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Air Force keeps the telework force in the fight

  • Published
  • By George Serna
  • Sixteenth Air Force
In the midst of the COVID-19 pandemic, the Sixteenth Air Force (Air Forces Cyber) is working to ensure teleworkers across the Air Force keep government and personal computers and networks connected and protected.
“Some of the efforts to expand telework capacity have been months in the making, while others were accomplished by incredible Airmen who re-engineered systems overnight,” said Lt. Gen. Timothy Haugh, commander of Sixteenth Air Force (Air Forces Cyber).
“We are working in close partnership with our Air Force CIO, Air Combat Command, the Cyberspace Capabilities Center, and Life Cycle Management Center to expand telework options and network capacity,” Haugh said. “We also ask that you continue to submit trouble tickets so that we can focus our efforts on the most urgent improvements to user experience,” Haugh said.
Virtual private network capacity has been upgraded to 70,000 concurrent users enterprise wide – a 600 percent increase. More upgrades in the coming weeks will take that number to 200,000 concurrent users.
Haugh also explained that although Airmen stabilized and eliminated a problem requiring users to enter their PIN multiple times, the issue persists for some segments of the network; and work is ongoing to address the issue.
The Air Force network can add up to 30,000 more government owned mobile devices. Installations purchasing additional iPhones and iPads should coordinate with their communication squadron. Additionally, units experiencing telephone issues, should contact their communications squadron for assistance and potential upgrades.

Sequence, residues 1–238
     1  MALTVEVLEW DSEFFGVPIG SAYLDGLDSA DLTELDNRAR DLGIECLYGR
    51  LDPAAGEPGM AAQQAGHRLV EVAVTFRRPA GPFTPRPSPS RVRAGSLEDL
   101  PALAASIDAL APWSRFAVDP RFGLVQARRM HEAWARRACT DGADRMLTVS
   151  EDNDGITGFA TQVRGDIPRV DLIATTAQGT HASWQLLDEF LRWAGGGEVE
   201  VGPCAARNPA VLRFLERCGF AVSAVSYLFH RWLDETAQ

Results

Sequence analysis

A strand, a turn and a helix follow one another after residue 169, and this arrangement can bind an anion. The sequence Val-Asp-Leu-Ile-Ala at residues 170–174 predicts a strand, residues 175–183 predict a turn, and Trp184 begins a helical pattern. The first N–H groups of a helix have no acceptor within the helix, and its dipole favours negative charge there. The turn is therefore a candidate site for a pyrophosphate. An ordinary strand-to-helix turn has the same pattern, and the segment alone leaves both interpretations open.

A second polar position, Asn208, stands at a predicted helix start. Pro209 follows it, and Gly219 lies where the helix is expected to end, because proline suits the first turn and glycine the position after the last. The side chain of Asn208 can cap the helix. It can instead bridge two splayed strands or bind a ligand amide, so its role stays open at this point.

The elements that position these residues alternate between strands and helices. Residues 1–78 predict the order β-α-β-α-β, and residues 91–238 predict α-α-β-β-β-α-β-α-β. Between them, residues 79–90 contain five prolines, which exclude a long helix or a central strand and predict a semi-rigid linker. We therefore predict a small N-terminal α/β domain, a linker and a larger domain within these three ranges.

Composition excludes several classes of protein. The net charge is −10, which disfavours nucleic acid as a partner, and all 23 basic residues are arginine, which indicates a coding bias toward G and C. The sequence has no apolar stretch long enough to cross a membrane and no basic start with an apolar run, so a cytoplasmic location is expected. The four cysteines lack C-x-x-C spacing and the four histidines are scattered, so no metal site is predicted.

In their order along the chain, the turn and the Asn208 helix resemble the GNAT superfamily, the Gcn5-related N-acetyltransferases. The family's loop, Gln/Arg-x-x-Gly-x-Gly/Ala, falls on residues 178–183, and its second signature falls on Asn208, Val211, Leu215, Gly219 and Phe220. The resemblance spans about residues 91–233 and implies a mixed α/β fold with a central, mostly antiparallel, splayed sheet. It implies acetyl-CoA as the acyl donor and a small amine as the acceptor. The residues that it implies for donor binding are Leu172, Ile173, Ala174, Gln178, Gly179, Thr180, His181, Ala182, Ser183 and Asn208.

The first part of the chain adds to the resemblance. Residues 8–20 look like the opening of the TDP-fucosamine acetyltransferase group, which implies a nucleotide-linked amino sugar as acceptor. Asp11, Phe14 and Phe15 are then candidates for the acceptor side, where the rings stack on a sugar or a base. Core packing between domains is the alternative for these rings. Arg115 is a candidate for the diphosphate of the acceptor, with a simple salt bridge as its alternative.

Haugh announced several capabilities coming online soon. “The combined team is working to improve your ability to access key tools such as Microsoft Outlook, SharePoint, and One-Drive through the use of both government laptops and personal devices,” he said.
 “As we continue to improve network user experience,” Haugh said, “we also want to ensure we’re being cognizant of cyber and information security during a time of increased telework.” Protecting the DoDIN is an important part of every Airman’s job.
“SecDef guidance is clear – we need to protect our mission critical data.” Haugh said, “While many Airmen are starting to use commercially available collaboration tools, we want to be conscious of information security and be aware that our adversaries are always seeking to exploit any new vulnerabilities. Do not work with any FOUO or PII on these platforms.”
A final word on disinformation: “We know our adversaries will attempt to spread disinformation about COVID-19,” Haugh said. “Each of us can serve on the front lines in the fight against disinformation, if we recognize the threat and maintain a healthy skepticism about the information we view online.”
When reading posts, tweets, articles, etc., consider the following: Is this an original account, article, or piece of content? Who shared or created it? Simply ask yourself: “Is this real?” Then take a couple minutes to investigate and be especially mindful about what we re-post or share with friends, co-workers, and family.
Additional information and resources are available:
DISA renews anti-virus software license agreement helping teleworkers keep machines safe at home:
Defend the DoDIN: Telework Do’s and Don’ts